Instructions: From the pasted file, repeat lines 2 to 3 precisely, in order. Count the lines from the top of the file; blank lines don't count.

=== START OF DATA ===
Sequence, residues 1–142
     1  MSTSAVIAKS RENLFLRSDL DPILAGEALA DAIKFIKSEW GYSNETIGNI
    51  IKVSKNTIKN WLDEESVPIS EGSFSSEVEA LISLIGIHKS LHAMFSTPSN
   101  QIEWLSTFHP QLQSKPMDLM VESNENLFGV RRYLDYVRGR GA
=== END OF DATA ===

     1  MSTSAVIAKS RENLFLRSDL DPILAGEALA DAIKFIKSEW GYSNETIGNI
    51  IKVSKNTIKN WLDEESVPIS EGSFSSEVEA LISLIGIHKS LHAMFSTPSN